NANTES, FRANCE—How violent was the early solar system? Over the past decades, astronomers have invoked giant cosmic collisions to explain a wide variety of weird planetary properties. For instance, a catastrophic impact could have stripped away most of Mercury's rocky mantle, leaving the planet with its relatively huge iron core. Farther out, a similar blast would have tipped over Uranus, which lies on its side while orbiting the sun.
But when NASA's MESSENGER spacecraft detected lots of sulfur and potassium in the crust of Mercury earlier this year, many planetary scientists believed this ruled out the giant-impact scenario for the innermost planet. An energetic collision, they concluded, would have melted the planet and released such volatile constituents.
As for Uranus, no one could explain why the paths of its satellites are also tilted. They still orbit in the equatorial plane of the fallen giant, a path you wouldn't expect if a cosmic interloper had struck only the planet. What's more, says physicist Stanton Peale of the University of California, Santa Barbara, a single impact can't explain the orbits of Pluto's moons, as some scientists have proposed. So should we abandon the idea of protoplanets smashing into each other during the solar system's youth?
Not so fast, say some researchers here at a joint meeting of the European Planetary Science Congress and the Division for Planetary Sciences of the American Astronomical Society. Planetary scientist Sarah Stewart of Harvard University is confident that Mercury could have been stripped while keeping hold of its volatiles. And today, astronomer Alessandro Morbidelli of the Observatoire de la Côte d'Azur in Nice, France, presented a new impact model that could explain the Uranus system.
"You only lose volatiles if they somehow can get separated from the heavier, more refractory elements," Stewart explains. "For instance, our own moon is low in volatile elements because it slowly coalesced from a churning, hot disk of material surrounding the Earth." This disk, she says, was boiling hot for long enough to lose most of its light elements. "But in the case of Mercury, the impact debris cooled pretty quickly," Stewart says, "so most of the potassium and sulfur was preserved."
Astrochemist Richard Starr of NASA's Goddard Space Flight Center in Greenbelt, Maryland, and physicist Patrick Peplowski of the Johns Hopkins University's Applied Physics Laboratory in Laurel, Maryland, both gave talks at the conference yesterday announcing the death of the giant impact theory for Mercury. But they acknowledge that no one has ever carried out detailed calculations of elemental loss during giant collisions. "Sarah brings up a very interesting point," Peplowski says.
Meanwhile, Morbidelli thinks Uranus's giant impact can also be saved—but it must have occurred much earlier than researchers had assumed, and in multiple stages. "In the early days of the solar system, there may have been many hundreds of protoplanets drifting around in the system's outer regions," he says. "Giant collisions were, of course, more likely to occur very early on."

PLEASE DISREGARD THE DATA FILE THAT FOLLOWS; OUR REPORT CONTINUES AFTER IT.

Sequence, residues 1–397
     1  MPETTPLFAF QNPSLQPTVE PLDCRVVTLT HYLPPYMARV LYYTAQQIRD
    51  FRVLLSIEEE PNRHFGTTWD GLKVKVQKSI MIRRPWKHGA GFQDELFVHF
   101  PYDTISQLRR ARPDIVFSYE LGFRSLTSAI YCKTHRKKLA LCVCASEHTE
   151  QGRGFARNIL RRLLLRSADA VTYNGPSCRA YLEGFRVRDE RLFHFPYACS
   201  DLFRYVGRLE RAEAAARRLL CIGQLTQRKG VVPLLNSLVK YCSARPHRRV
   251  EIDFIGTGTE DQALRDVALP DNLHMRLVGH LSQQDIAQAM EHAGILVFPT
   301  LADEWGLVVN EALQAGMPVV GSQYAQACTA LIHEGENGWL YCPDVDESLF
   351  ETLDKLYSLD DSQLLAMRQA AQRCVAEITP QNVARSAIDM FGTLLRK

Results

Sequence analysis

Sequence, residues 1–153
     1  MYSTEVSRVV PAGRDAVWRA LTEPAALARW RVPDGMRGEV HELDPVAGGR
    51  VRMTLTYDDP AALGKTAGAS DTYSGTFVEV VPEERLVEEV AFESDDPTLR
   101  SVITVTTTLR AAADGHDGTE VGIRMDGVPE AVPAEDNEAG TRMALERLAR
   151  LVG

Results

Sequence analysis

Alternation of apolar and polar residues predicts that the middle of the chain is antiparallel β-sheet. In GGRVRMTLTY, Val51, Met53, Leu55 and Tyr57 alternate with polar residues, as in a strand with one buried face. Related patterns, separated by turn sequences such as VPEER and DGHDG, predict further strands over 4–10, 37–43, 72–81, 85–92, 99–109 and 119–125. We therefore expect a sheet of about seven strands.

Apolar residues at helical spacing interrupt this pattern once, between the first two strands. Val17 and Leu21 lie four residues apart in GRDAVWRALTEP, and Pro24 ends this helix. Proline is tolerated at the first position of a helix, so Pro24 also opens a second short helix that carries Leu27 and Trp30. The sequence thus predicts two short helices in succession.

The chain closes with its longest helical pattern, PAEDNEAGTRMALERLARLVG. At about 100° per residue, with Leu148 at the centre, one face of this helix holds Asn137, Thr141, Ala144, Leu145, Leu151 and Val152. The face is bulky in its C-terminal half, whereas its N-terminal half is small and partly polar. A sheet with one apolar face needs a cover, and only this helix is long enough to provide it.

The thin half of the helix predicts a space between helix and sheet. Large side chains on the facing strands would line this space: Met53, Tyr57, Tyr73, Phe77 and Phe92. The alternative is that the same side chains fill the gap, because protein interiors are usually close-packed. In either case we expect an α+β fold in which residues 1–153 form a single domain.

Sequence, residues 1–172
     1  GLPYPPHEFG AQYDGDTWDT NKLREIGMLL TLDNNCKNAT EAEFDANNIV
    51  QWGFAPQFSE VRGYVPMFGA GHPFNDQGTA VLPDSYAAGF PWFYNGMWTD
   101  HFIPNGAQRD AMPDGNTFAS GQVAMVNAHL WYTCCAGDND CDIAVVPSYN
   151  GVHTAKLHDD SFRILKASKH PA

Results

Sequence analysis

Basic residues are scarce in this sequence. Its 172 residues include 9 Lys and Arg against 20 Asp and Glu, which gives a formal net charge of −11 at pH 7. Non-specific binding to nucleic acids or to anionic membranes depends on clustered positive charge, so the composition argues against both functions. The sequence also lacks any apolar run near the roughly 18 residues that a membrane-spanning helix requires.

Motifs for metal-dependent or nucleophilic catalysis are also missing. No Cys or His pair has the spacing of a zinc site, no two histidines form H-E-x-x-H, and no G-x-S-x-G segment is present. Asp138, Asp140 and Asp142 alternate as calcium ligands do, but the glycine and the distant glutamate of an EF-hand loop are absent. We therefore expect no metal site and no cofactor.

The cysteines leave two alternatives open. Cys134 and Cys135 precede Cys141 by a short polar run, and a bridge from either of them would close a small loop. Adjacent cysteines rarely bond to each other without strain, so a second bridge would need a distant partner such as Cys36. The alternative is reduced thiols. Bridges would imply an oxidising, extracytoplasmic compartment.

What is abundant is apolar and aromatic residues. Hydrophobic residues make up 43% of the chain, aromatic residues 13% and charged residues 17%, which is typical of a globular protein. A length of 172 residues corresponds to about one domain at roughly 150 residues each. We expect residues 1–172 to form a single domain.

In Morbidelli's revised model, Uranus was hit before its satellites formed from a disk of gas and dust surrounding the planet. The disk would have been heavily disturbed by the impact and then would have settled back into the planet's tilted equatorial plane, as a result of friction. Only later would the material in the disk clump into satellites.
However, Morbidelli needs two or more subsequent collisions to explain why the satellites orbit in the same direction as the planet's rotation. The axial tilt of Uranus is 98°, so effectively the planet is now spinning in a direction opposite to its orbital motion around the sun. But the particles in the disk would have kept rotating in the original direction, even though they would have ended up in the new equatorial plane. "So if the huge tilt of the planet was produced by just one impact," Morbidelli says, "the disk, and the satellites, would end up orbiting opposite to the planet's rotation."
This problem would disappear if one impact tilted the planet to, say, 50° or so, and a second blow delivered an additional tilt of 48°. A larger series of smaller impacts is also possible. In each case, the planet and the disk material would remain orbiting in the same direction. "Two or more impacts may look improbable, but it all depends on the number of objects out there," Morbidelli says.
So what about the satellite system of Pluto? Maybe multiple collisions occurred there, too, producing both the large moon, Charon, and the three smaller ones, known as Nix, Hydra and P4. "Our simulations indicate that there are some additional stable regions around the dwarf planet where small satellites could end up," Peale said at the conference last Tuesday. If NASA's New Horizon spacecraft should discover more moons during its July 2015 flyby of Pluto, they would certainly help in reconstructing the violent youth of the system.